On 1 July 1999 she accepted a temporary appointment as artistic director of the Ballet de Lorraine, replacing Pierre Lacotte, who had returned to the Paris Opera Ballet. Nearing her eightieth birthday, she served in that post for an interim period of one year.[9]

Awards and honors[edit]

For her work as inspector general of dance projects in the Ministry of Culture, Adret was made a commandeur in the Ordre des Arts et des Lettres in 1983. In recognition of her role in developing contemporary dance in France, she received the Grand Prix National de la Danse in 1987, and in 1994 she was named as a chevalier in the Ordre National de la Légion d'Honneur.


A small, energetic woman with a sparkling wit, Adret was generally acknowledged as a figure incontournable ("indispensable person") in twentieth-century French dance. She was praised for her work as a pedagogue and greatly admired for her unique artistic vision, which allowed her to reconcile her dance works on the cutting edge of modernity with the classic ballet repertory of yesteryear.[10]

Selected works[edit]

  • Apollon Musagéte (1951); music, Igor Stravinsky; décor, Guillot de Rode
  • Orphée (1951?); music, Claudio Monteverdi; décor, Gustave Singer
  • Quatre Mouvements (1952)
  • Claire (1953?); music, Alphonse Diepenbrock; décor, Dimitri Bouchene
  • Le Sanctuaire (1956)
  • Othello (1958); music Jean-Michel Demase; décor, Georges Wakhevitch
  • Barbaresques (1960)
  • Mayerling (1961?); music, Maurice Thiriét; décor, Wladimir Jedrinsky
  • Resurrection (1961?); music, Alexandre Tansman
  • Le Tricorne (1962); music, Manuel de Falla; décor, Andrej Majevski
  • Le Manteau Rouge(1963); music, Luigi Nono; décor, Andrej Majevski
  • Le Mandarin Merveilleux (1965); music, Béla Bartók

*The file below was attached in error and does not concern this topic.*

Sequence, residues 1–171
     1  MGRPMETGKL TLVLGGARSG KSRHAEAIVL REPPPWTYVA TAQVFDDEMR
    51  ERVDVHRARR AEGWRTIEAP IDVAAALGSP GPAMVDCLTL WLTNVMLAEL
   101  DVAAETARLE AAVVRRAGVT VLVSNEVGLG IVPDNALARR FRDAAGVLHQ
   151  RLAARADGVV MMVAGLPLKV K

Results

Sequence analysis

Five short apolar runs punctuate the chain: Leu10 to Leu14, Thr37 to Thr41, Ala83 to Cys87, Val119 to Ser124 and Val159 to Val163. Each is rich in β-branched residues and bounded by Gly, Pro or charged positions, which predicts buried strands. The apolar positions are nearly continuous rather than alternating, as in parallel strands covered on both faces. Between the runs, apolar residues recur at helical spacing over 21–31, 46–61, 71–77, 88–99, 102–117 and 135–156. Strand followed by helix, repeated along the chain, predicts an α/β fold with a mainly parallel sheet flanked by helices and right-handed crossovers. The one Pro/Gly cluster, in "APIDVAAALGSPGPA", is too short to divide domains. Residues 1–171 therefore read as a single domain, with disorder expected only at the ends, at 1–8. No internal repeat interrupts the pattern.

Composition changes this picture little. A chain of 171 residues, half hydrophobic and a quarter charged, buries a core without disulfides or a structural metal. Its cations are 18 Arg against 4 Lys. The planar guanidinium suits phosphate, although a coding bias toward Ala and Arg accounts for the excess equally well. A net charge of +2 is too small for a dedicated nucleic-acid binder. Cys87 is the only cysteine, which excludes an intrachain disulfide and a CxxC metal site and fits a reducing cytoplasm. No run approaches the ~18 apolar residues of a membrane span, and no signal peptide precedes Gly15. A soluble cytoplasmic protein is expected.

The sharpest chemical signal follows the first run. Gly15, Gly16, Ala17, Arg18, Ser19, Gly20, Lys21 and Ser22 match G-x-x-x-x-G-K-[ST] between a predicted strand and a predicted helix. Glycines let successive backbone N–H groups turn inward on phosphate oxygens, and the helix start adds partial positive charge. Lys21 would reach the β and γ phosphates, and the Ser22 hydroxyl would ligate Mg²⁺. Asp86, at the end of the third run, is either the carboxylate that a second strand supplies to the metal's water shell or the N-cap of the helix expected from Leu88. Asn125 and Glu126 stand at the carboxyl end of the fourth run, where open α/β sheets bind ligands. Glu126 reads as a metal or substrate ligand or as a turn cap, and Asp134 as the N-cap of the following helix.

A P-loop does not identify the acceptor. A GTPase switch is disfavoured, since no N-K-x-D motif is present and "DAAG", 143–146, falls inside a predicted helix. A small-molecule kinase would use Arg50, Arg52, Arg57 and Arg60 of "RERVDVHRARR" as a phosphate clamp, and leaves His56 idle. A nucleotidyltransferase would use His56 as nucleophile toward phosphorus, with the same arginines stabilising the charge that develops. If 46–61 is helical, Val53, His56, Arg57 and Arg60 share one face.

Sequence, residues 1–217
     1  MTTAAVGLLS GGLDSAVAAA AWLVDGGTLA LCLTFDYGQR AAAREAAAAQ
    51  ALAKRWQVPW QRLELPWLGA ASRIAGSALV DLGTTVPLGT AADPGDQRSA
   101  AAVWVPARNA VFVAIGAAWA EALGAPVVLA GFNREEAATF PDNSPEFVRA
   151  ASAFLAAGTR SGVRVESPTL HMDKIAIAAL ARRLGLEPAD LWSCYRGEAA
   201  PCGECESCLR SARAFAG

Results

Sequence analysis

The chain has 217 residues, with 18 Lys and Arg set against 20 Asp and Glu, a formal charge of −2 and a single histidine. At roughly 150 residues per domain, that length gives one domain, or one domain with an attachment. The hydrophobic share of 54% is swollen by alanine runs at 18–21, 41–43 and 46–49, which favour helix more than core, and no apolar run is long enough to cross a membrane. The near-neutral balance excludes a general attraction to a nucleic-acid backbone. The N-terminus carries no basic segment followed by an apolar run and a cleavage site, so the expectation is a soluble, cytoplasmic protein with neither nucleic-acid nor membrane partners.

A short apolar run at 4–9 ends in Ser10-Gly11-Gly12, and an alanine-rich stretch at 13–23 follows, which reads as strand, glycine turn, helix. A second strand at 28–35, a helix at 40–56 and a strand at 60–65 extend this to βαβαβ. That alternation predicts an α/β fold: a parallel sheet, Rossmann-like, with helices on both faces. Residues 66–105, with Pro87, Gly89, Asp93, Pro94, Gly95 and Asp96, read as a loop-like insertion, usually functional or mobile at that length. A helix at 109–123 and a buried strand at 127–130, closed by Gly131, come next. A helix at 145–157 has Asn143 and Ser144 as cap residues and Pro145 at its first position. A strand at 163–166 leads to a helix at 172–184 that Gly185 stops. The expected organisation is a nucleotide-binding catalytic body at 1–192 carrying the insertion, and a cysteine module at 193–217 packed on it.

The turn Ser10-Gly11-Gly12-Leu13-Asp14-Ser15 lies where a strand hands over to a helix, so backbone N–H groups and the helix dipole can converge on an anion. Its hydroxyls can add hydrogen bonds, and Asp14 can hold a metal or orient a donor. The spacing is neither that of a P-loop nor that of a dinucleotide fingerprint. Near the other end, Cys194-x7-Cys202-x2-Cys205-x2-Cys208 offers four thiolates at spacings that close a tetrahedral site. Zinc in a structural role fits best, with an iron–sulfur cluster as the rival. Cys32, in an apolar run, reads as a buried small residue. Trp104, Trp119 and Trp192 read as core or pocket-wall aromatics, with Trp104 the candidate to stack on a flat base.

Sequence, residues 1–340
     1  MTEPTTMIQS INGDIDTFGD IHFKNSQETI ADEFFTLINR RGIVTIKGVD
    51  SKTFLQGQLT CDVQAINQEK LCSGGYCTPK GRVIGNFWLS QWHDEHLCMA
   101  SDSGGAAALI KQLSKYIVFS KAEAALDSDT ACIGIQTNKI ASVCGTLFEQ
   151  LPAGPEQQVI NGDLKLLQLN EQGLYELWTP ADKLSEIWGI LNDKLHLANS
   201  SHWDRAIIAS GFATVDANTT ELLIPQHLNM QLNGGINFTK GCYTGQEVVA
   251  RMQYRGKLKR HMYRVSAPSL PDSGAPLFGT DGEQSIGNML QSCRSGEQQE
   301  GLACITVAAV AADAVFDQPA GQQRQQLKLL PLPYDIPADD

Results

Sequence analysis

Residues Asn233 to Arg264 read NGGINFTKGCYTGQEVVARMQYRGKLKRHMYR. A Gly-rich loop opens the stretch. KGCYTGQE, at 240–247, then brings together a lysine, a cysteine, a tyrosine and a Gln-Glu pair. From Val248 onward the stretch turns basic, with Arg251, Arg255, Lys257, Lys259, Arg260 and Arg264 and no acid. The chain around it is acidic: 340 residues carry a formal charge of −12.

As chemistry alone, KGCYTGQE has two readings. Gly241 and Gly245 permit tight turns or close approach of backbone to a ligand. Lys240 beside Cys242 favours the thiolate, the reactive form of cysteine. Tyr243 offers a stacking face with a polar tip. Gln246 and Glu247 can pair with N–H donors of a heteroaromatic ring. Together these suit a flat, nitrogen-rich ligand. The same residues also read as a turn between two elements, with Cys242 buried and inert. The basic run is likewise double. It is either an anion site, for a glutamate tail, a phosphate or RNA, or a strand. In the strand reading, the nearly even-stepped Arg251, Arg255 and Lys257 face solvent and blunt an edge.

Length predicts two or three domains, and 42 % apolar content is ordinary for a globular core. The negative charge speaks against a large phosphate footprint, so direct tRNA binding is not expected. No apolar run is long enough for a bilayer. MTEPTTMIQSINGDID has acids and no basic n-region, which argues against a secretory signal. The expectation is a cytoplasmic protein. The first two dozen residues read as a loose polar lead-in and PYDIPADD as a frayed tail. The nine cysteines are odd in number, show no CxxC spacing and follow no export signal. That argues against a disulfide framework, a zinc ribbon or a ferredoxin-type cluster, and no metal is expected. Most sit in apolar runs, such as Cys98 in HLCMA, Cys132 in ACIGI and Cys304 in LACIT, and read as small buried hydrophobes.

• Cinderella (1966); music, Sergei Prokofiev; décor, Raimond Schoop[11]
  • Incendio (1967)
  • Acquathéme (1968); music, Ivo Malec; décor, Gustave Singier
  • Eonta (1969); music, Iannis Xenakis; décor, Mario Prassinos
  • Requiem (1971); music, György Ligeti; décor, Francisco Sobrino
  • La Follia d'Orlando (1972); music, Gofredo Petrassi
  • Le Rossignol (1972); music, Igor Stravinsky
  • Symphonie de Psaumes (1994); music, Igor Stravinsky


  1. ^ "Françoise Adret, disparition d'une «immense personnalité de la danse»" (in French). 25 October 2019.
  2. ^ Francis de Coninck, Françoise Adret: Soixante Années de Danse (Paris: Centre National de la Danse, 2007). This work contains complete biographical and professional information.
  3. ^ Pierre Julien, "Entretien: Françoise Adret", Les Saisons de la Danse (Paris), no. 228 (October 1991), pp. 19–20.
  4. ^ Bernadette Boris, "French Choreographers Creating New Worlds," Ballett International (Berlin), vol. 12 (November 1989), pp. 28-31.
  5. ^ Luuk Utrecht, "Netherlands: Theatrical Dance since 1945", International Encyclopedia of Dance(New York: Oxford University Press, 1998), vol. 4, pg. 591.
  6. ^ Monique Babsky, "Ballet-Théâtre Contemporain," in International Encyclopedia of Dance (1998), vol. 1, pp. 349–51.
  7. ^ Anna Kisselgoff, "Ballet Théâtre Contemporain: French troupe starts first tour in Brooklyn," New York Times (10 November 1972).
  8. ^ Ginger Danto, "Lyon Opéra Ballet: Cinderella Story", Dance Magazine (September 1992), pp. 48–51.
  9. ^ Phillippe Noissette, "Invité Françoise Adret: 'Je n'ai pas peur de l'échec,'" interview, Danser (Paris), no. 188 (May 2000), pp. 8–10, 12-14.
  10. ^ "Françoise Adret", Danse Ma Vie.
  11. ^ Claude Conyers, "I Shall Remember Her Running," Ballet Review (New York), vol. 1, no. 5 (1966), pp. 13–23. A detailed description of Adret's choreography for Cinderella, focusing on Galina Samsova in the title role.